Common Problems In Generating All Electron Densities And How

Let's begin by taking a look at a typical .ini file:

8.00 1 2 6 0.00 : z nc nv
1 0 2.00 : n l f
2 0 2.00
2 1 4.00
3 "t" : lmax s_pp_def
0 0.0 0 "t"
1 0.0 0 "t"
2 0.0 0 "t"
3 0.0 0.01 "t"

The above file is that of neutral oxygen. We extract the .ae file using the generated fort.19 and fort.25 files generated by the fhi code, where these are the core and valence densities respectively. In the case of atoms that only have electrons in the 1s orbital, only a fort.19 file will be generated, therefore a different perl script, extract_ae_nocore.pl, must be used to generate the .ae file. The syntax is the same as for extract_ae.pl. Note: If you wish to make .ae files for H1 or other atoms with zero electrons, you must leave 0.0001 electrons, or some other small number, remaining in the lowest energy slot, as a .ae file cannot be generated with zero electrons present.

The most common problems arise from the presence of everything after the 3 "t", and can be resolved by simply deleting this section. Note that there is no benefit from keeping this part of the file in. It can only cause problems, therefore, to be safe, it should always be removed.

Another problem often arises in the case of negative ions. This can be fixed by classifying up spin and down spin electrons separately, which would make the above file look like this:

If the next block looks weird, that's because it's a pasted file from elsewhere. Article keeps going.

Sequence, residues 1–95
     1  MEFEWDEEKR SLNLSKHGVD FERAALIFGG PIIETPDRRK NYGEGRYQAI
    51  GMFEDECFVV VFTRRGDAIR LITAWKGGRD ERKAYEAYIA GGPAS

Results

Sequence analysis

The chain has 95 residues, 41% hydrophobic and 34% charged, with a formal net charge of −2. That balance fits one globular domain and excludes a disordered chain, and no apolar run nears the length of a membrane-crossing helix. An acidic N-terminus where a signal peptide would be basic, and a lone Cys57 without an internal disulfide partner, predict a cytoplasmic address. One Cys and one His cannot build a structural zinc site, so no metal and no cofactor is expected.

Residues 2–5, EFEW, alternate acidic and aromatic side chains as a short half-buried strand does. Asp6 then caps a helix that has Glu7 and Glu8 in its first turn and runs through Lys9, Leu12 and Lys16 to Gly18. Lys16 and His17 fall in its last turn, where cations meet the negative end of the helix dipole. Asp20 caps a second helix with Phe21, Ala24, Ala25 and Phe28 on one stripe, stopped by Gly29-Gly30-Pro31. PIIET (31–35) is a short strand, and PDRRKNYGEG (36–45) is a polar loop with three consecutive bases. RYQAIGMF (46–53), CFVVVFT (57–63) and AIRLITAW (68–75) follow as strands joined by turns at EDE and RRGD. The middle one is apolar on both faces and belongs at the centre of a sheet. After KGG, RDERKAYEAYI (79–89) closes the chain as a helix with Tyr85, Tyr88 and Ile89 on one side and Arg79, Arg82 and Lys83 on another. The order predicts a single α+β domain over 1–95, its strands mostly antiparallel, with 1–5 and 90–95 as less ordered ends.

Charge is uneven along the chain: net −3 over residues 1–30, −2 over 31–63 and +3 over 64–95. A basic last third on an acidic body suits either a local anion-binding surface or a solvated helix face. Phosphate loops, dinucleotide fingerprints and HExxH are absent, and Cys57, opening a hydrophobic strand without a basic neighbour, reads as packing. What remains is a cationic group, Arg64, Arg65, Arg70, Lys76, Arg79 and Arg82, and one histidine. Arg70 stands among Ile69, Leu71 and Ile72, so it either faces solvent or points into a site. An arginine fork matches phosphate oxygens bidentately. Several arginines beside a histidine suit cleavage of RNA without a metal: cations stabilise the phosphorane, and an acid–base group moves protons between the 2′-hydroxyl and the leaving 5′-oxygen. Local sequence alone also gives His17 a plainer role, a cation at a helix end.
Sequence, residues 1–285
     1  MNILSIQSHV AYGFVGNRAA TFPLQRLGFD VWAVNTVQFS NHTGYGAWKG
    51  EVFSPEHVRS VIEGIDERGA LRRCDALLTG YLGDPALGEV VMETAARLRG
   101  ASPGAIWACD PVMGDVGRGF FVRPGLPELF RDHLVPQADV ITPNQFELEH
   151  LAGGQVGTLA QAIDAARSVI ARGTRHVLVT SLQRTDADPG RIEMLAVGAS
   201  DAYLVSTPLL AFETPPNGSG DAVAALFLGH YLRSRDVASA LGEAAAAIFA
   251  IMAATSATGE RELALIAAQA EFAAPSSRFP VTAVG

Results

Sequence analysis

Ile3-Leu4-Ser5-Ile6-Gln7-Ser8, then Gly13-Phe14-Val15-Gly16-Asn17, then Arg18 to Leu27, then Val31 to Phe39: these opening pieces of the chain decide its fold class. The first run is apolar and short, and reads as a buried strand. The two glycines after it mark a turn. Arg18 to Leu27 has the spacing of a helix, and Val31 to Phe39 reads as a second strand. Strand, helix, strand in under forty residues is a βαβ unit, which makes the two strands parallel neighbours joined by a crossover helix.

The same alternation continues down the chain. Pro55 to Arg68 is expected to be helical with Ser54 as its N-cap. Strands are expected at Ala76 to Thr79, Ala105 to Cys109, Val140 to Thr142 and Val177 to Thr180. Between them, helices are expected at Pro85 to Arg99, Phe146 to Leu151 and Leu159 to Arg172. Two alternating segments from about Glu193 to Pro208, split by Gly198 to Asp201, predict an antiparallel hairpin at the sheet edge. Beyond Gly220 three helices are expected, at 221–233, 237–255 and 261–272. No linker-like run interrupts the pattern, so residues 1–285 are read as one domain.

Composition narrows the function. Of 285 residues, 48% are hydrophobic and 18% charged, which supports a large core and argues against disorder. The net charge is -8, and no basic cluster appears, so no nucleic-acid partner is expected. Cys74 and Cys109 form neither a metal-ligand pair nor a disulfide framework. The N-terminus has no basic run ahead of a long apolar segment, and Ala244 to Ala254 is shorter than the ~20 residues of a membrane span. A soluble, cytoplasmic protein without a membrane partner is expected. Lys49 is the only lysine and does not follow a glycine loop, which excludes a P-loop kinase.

8.00 1 2 6 0.00 : z nc nv
1 0 1.00 1.00 : n l f
2 0 1.00 1.00
2 1 2.00 2.00
3 "t"

In the case of an odd number of electrons in the final orbital, putting the last electron in the left or right column makes no difference.

The final problem that we have encountered arrises when an additional orbital is required to accomodate the excess electrons for an ion of large negative charge. The tags "nc" and "nv" that refer to the second and third numbers on the first line stand for "number of core states" and "number of valence states" respectively. When a new state is added, increase the nv number by one. You may wonder why this new state is automatically as a valence state, and why the classifications of other states automatically remain the same, however which states are designated as core and which as valence only matters when generating pseudopotentials. Since we are making files which contain all of the electrons, all that matters to us is that the total number of states equals nc + nv, and therefore these concerns are irrelevant.

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